IAM Members at Boeing St. Louis Ratify New Contract After Standing Strong for Secure Retirement Plan, Other Improvements: Nearly 2,500 members of Machinists (IAM) District 837 at three Boeing defense locations around St. Louis voted to accept a modified three-year contract offer from their employer. After overwhelmingly voting to reject the company’s contract offer on July 24, the IAM District 837 negotiating committee and the membership stood strong to obtain a modified offer from Boeing. The newly ratified agreement features critical improvements to the company’s previous proposal for retirement plans and other areas. “Throughout negotiations, the committee worked diligently to educate the membership and bring back an improved offer from the company,” said District 837 President and Directing Business Representative Tom Boelling. “We have delivered an equitable contract that will secure the future for the members, their families and future generations.”
Stagehands in Dubuque, Iowa, Unanimously Vote ‘Union Yes’: Backstage technicians at the Five Flags Center in Dubuque, Iowa, have voted unanimously for union representation with Theatrical Stage Employees Local 191, which represents workers in northeast Iowa. The new bargaining unit consists of all full-time, regular part-time and on-call stagehands employed by ASM Global at its Dubuque facility. The Five Flags Center is a multipurpose facility in downtown Dubuque that includes a 4,000-seat arena for ticketed events and a more than 700-seat historic theater that is also the home of the Dubuque Symphony Orchestra.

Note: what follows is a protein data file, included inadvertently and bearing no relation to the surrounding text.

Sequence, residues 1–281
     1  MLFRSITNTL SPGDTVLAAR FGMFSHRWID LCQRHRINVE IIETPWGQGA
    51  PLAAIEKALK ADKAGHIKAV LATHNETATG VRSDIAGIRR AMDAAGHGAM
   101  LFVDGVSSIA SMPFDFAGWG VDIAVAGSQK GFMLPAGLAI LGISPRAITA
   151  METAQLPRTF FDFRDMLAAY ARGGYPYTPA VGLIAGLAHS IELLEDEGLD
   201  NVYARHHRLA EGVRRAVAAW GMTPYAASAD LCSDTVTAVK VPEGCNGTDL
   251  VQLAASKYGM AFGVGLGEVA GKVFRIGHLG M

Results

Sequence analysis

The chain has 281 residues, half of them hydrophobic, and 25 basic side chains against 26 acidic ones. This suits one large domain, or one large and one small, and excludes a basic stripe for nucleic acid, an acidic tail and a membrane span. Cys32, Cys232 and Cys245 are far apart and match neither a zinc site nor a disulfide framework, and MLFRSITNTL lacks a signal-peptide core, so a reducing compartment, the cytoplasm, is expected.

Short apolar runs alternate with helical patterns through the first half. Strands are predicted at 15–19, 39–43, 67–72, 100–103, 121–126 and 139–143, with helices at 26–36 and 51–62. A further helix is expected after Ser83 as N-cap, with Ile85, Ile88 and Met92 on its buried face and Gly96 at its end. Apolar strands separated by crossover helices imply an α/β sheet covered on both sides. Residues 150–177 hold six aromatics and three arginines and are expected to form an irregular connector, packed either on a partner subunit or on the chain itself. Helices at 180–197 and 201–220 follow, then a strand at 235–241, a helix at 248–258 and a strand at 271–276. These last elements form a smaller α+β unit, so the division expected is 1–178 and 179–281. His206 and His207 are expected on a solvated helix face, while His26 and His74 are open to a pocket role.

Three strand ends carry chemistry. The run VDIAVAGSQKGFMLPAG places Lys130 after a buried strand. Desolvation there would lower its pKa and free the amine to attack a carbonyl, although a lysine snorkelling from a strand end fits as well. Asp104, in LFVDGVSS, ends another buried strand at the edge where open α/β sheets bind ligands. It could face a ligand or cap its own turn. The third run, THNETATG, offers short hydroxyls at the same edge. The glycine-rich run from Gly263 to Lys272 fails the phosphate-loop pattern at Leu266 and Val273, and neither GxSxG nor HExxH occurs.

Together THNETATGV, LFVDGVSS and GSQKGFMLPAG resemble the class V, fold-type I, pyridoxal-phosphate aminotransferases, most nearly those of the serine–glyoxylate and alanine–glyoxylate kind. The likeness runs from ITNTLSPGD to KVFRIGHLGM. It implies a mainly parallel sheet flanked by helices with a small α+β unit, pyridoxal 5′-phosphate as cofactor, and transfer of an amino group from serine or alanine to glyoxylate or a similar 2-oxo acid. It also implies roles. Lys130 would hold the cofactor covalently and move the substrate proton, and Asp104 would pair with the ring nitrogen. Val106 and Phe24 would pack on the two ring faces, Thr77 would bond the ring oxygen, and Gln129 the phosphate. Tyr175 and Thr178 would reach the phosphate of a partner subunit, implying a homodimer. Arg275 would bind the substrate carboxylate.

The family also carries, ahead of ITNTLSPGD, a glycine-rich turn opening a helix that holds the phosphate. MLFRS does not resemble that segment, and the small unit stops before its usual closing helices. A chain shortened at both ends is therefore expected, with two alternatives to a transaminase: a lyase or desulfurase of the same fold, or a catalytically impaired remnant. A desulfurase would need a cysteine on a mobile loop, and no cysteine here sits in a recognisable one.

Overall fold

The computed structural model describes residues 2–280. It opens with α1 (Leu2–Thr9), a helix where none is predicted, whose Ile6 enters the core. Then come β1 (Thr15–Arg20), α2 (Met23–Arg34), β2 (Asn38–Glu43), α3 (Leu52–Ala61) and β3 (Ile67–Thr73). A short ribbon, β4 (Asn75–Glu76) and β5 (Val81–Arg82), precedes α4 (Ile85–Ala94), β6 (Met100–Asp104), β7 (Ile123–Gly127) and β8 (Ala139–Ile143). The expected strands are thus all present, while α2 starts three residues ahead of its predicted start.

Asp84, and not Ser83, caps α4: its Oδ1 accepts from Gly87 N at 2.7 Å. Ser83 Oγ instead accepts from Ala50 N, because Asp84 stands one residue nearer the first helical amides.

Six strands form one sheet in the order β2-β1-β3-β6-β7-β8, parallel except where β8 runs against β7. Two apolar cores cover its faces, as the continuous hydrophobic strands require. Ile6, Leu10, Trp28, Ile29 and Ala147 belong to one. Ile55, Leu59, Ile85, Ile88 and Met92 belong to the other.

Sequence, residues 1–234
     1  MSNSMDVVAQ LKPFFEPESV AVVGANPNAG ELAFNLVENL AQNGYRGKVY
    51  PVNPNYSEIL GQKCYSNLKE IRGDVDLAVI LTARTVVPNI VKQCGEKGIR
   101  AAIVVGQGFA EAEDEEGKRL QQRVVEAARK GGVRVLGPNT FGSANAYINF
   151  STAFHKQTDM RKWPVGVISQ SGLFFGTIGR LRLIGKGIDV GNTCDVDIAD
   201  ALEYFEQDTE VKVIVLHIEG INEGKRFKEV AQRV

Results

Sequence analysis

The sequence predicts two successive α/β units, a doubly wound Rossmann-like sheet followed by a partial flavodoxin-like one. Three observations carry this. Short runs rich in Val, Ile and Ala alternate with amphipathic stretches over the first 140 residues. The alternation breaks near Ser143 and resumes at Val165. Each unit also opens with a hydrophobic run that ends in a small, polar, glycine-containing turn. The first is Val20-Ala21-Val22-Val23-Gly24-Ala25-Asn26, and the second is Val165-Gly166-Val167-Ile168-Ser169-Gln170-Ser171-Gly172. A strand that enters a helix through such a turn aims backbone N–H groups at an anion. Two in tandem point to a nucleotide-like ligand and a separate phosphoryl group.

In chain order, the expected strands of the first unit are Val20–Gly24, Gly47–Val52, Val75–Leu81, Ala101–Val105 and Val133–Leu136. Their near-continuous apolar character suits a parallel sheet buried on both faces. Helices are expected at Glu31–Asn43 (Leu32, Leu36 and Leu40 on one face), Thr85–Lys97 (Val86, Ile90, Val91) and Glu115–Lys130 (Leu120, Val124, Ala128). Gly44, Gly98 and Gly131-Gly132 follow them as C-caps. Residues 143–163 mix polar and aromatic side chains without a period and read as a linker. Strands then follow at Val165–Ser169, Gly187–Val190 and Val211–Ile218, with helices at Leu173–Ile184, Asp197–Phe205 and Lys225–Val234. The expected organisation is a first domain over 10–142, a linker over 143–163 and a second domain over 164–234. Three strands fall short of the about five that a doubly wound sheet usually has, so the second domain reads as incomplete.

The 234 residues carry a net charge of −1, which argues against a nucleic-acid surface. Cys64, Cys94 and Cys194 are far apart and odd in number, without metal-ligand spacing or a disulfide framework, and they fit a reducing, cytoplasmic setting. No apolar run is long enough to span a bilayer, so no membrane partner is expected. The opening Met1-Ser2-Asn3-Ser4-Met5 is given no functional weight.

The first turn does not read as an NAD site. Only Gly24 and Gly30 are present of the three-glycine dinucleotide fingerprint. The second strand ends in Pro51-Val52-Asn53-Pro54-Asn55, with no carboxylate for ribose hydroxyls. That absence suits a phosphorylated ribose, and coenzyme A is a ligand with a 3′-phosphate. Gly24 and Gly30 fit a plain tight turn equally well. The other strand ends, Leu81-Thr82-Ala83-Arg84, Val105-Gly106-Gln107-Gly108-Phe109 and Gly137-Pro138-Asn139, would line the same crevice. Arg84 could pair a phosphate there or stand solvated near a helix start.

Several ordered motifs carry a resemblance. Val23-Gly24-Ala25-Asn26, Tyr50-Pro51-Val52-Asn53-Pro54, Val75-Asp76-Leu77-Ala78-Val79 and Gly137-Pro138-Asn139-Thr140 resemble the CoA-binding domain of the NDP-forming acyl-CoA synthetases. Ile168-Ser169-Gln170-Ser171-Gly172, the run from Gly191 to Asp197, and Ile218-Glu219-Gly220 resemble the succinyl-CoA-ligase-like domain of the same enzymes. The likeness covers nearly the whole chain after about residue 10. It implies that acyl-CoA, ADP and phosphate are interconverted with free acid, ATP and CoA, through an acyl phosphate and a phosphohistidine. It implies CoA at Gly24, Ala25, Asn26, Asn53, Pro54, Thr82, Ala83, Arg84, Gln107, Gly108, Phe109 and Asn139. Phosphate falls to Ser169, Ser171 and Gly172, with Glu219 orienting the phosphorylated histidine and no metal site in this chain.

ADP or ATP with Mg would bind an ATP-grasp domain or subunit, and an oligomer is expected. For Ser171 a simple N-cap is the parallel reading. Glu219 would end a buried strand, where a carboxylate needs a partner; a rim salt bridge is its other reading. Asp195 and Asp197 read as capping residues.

Beto for Texas Campaign Staff Members Ratify First Contract, a Milestone in Texas Politics: Staffers for Texas gubernatorial candidate Beto O’Rourke’s campaign ratified their union contract last month, becoming the first statewide campaign in the Lone Star State to do so. The agreement covers 129 staffers in organizing, canvassing, press, scheduling, data, coordination, events, finance and other roles. Campaigners will join Office and Professional Employees (OPEIU) Local 277 for the duration of the campaign. “We are proud to join the labor movement and to be the first Texas statewide campaign to unionize,” said Rocio Dumey, an organizer on the Beto for Texas campaign. “Like Beto, we practice what we preach. We want to send a message that every worker in this state should have the right to demand better wages, benefits, and working conditions. We want to join them in that fight.”